Results: The colonization rate of ESBL-producing E. coli at ICU admission was 14.9% (42/281). CTX-M-15 (N=15), CTX-M-14 (N=12), and CTX-M-27 (N=10) were commonly detected using PCR of ESBL genes. Approximately half (45.2%, 19/42) of ESBL producers were ST131 clone with 14 ST131-O25 and 5 ST131- O16. In univariate analysis, independent risk factor for acquisition of ESBL-producing E. coli compared with controls was ICU type (odds ratio, 2.05; P< 0.032); however, site of acquisition, previous antibiotic use, and hospital stay were not significant risk factors.

Conclusion: In this study, the colonization of ESBL- producing E. coli at ICU admission without outbreak was frequent and it could be an infection source, regardless of acquisition site. We recommend routine use of ASC to control endemic ESBL-producing E. coli considering the wide distribution of ST131-ESBL- producing E. coli in the Korean community.

[in Korean]

Meeting report

Participating 16th European Society of Clinical Microbiology and Infectious Disease Summer School

Jae Hyeon Park

Ann Clin Microbiol 2018 June, 21(2): 36-39. Published on 20 June 2018.

The Korean Society of Clinical Microbiology (KSCM) has supported participation in the European Society of Clinical Microbiology and Infectious Disease (ESCMID) Summer School for several years. The school is held every year in Europe for one week and in 2017 was held at the Borstel Research Center, located in Borstel, a small town near Hamburg, Germany. A total of 80 participants from 26 countries attended and included 42.5% (34) males, 57.5% (46) females, and most were residents. The summer school was held for 6 days except for moving time, and there were 29 lectures, 4 small group tutorials, and 80 student presentations. The lecture subject areas included overall topics of clinical microbiology and infectious diseases. Experts from all over Europe gave lectures explaining the basics as well as recent discoveries. Small group tutorials were mainly focused on tuberculosis. Student presentations included active discussions by the students regarding their research subjects or cases. There were also social events such as dinners, visiting museums, cruise ship excursions, and watching outdoor play. Based on personal experience, I recommend young KSCM members attend the ESCMID Summer School because communicating with people from various countries broadens horizons despite a long itinerary and a busy schedule.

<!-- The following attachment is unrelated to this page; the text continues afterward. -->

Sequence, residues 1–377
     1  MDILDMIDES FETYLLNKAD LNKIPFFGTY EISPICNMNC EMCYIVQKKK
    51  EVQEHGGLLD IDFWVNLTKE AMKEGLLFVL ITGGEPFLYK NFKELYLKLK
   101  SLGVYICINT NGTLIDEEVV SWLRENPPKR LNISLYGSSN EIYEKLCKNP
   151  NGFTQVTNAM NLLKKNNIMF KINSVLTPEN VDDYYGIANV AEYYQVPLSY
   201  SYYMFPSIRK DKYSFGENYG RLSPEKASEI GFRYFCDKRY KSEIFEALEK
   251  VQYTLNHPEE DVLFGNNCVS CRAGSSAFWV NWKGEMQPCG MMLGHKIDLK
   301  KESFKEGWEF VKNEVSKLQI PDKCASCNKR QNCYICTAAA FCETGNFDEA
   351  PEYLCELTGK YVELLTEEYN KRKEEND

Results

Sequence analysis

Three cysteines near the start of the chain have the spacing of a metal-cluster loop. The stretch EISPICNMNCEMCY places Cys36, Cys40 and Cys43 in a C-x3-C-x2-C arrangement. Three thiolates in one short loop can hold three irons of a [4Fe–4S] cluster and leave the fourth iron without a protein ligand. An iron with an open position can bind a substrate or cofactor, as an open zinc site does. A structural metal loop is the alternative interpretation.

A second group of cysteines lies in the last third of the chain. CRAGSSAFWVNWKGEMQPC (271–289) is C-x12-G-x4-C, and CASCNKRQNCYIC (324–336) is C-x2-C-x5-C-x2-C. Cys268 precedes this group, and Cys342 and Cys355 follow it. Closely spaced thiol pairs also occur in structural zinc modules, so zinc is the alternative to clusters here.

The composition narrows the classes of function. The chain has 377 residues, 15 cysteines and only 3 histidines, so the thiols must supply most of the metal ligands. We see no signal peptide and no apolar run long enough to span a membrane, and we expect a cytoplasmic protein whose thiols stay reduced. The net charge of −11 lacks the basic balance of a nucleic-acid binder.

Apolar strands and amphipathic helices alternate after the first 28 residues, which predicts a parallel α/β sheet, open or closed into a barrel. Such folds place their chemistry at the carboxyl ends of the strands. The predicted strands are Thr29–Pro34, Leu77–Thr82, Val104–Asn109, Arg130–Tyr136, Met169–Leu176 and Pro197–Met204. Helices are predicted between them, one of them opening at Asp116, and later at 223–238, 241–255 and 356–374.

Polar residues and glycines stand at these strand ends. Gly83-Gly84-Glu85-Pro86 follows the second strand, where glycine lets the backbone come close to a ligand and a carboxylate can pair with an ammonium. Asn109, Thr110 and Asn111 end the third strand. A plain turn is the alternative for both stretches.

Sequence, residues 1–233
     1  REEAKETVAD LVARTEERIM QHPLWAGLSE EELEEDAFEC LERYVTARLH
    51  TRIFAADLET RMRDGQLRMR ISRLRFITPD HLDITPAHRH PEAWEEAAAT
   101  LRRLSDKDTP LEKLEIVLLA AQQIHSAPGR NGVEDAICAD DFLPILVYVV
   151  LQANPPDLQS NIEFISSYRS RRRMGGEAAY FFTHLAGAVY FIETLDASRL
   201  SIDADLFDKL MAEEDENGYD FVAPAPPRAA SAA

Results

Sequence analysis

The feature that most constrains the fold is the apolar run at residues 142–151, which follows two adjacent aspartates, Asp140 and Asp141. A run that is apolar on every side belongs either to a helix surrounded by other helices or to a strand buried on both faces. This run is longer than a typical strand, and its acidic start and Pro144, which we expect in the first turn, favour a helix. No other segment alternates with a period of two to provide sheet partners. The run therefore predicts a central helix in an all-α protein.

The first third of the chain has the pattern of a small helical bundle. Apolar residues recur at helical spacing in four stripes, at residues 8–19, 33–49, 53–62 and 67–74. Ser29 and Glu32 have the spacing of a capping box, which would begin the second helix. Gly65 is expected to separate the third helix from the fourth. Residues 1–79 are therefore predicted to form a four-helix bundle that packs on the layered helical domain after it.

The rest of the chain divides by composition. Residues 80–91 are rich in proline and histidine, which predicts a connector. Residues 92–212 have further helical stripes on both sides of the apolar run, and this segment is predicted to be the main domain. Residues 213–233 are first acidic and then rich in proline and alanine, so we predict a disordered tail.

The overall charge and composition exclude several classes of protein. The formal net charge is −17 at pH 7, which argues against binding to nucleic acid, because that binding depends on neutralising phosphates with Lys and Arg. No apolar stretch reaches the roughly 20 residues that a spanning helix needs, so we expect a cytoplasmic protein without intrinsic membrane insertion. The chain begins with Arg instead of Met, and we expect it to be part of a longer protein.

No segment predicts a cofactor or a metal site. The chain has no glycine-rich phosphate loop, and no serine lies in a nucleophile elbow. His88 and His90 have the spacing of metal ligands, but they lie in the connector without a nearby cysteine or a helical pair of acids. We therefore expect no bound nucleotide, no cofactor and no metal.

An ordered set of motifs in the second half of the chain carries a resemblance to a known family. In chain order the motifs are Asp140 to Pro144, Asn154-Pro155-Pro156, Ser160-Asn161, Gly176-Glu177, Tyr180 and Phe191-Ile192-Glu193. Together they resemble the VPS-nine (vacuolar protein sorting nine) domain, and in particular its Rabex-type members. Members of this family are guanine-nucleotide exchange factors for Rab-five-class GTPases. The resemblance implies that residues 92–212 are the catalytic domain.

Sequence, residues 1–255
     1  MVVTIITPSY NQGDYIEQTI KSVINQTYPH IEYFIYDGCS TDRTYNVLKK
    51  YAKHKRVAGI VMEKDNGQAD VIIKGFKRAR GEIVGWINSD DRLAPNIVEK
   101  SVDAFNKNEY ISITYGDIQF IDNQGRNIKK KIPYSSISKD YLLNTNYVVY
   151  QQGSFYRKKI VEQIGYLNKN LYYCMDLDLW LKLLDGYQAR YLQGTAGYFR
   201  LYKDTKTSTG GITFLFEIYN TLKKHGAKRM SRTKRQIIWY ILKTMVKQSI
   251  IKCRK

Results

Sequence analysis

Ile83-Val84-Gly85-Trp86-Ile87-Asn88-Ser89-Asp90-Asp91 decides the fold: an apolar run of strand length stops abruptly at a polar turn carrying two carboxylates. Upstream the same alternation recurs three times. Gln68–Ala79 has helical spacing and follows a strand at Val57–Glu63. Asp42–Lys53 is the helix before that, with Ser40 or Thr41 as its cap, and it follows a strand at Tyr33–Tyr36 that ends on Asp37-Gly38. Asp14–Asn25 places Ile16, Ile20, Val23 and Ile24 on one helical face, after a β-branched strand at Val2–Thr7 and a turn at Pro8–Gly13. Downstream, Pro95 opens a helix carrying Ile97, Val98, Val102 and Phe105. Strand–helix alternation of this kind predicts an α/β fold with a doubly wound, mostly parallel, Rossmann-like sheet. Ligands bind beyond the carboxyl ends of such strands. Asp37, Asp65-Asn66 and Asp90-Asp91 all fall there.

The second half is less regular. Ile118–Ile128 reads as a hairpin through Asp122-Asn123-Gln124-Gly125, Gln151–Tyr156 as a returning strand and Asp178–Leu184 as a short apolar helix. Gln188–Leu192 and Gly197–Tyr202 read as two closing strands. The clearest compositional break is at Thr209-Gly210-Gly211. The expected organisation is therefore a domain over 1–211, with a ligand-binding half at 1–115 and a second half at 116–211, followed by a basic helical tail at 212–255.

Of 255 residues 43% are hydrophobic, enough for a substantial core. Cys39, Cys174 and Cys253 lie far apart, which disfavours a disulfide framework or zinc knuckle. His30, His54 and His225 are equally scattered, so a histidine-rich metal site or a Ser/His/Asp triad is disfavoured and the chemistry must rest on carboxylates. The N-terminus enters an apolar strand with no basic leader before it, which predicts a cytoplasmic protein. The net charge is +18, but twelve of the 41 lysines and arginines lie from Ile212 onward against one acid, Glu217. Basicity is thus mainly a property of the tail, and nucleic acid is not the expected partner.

[in Korean]

Case report

Globicatella sanguinis Bacteremia in a Korean Patient

Kwangjin Ahn, Gyu Yel Hwang, Kap Jun Yoon, Young Uh

Ann Clin Microbiol 2018 June, 21(2): 40-44. Published on 20 June 2018.

Globicatella sanguinis is an unusual pathogen causing bacteremia, meningitis, and urinary tract infection, and can be misidentified as Streptococcus pneumoniae or viridans streptococci due to its colonial morphology. A 76-year-old female patient with hypertension and degenerative arthritis was admitted to the hospital complaining of knee joint pain. Blood culture revealed the presence of Gram-positive cocci, and the isolated organism was equally identified as S. pneumoniae using the MicroScan identification system (Beckman Coulter, USA) and Vitek 2 identification system (bioMérieux, USA). However, the isolate showed optochin resistance based on the optochin disk susceptibility test. The organism was finally confirmed to be G. sanguinis based on 16S rRNA sequencing and hydrogen sulfide production testing. Accurate identification of G. sanguinis isolated from aseptic body fluids including blood is important for appropriate antibiotic selection based on accurate application of interpretative criteria of antimicrobial susceptibility test.